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Fluid power is one of three primary forms of power transmission or the process of converting power to a more useable form. Alongside electrical and mechanical power, fluid power is a vital component of modern society and much of what you use in your daily life is the result of some combination of these three processes. Each method works by transferring power from a primary mover like a motor or engine to an actuator that accomplishes the task required.
Fluid power, as the name suggests, uses fluids to generate, control, and transmit power. It is considered to be two distinct sub categories: hydraulics and pneumatics. Hydraulics transfers power using a liquid (often oil) while pneumatics transfers power with a gas (often compressed air). Fluid power uses a primary mover to drive a pump, which pressurizes either the gas (pneumatics) or liquid (hydraulics). In turn, this transfers power to the actuator through pipes or tubes.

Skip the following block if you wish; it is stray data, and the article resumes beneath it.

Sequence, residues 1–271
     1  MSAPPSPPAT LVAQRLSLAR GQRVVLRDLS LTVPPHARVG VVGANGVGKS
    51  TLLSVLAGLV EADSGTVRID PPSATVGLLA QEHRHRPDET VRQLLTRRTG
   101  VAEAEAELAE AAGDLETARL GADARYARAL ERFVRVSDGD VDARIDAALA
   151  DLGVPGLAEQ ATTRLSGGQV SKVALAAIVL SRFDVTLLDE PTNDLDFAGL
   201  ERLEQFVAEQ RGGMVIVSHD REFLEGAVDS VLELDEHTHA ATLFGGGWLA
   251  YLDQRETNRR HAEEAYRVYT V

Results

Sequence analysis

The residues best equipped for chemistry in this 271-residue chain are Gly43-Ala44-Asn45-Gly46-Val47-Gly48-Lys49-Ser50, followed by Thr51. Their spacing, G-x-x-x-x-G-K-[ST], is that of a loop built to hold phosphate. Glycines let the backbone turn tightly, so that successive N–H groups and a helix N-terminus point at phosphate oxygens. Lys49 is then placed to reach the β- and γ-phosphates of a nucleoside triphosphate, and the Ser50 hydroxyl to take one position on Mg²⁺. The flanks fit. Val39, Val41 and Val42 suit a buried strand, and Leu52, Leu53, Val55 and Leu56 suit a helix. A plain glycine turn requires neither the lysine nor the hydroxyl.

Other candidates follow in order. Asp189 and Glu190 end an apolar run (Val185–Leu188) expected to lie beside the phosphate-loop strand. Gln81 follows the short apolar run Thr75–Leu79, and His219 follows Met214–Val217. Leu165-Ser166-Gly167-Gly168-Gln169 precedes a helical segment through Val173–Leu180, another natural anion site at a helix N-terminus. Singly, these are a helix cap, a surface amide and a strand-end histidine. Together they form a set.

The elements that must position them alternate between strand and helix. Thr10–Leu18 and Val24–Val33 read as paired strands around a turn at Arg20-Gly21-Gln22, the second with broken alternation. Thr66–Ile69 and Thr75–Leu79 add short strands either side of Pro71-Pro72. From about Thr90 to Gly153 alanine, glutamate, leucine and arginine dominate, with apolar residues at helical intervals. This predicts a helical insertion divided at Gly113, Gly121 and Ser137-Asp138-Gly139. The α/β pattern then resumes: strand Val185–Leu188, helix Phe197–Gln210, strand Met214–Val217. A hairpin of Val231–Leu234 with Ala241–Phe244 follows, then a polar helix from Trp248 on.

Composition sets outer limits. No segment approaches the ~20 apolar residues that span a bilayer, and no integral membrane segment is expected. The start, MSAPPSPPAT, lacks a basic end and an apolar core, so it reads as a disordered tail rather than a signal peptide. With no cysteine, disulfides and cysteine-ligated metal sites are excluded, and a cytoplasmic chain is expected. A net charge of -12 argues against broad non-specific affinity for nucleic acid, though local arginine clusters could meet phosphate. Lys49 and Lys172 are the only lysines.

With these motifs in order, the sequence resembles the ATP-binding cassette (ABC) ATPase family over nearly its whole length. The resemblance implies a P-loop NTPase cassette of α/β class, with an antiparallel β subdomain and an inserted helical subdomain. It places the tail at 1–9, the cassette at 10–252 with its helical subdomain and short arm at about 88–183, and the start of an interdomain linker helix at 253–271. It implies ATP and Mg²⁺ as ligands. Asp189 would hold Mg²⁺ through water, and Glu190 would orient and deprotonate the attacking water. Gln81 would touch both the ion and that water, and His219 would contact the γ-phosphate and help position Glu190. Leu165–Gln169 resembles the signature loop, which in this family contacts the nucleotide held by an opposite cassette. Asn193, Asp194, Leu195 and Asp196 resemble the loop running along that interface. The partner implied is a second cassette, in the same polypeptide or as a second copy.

A common use of fluid power systems is the simple and easy conversion of rotational motion to linear motion. Both hydraulics and pneumatics are used effectively and efficiently to provide control over that motion’s direction, speed, force, and torque using a simple control valve setup. Low cost, safety, and reliability are hallmarks traits of a fluid power system. They offer a wide-range of power transmission solutions in consumer, business, and industrial settings from raw output of sheer force to refined, sensitive positioning in machining operations.
A key advantage of fluid power systems over mechanical and electrical power systems is their ability to provide high levels of power and torque in relatively smaller spaces. Because gas and liquid act differently under pressure, there are significant differences in application and use between hydraulics and pneumatics. Look for Martin Fluid Power Seals to cover these key distinctions in a future post.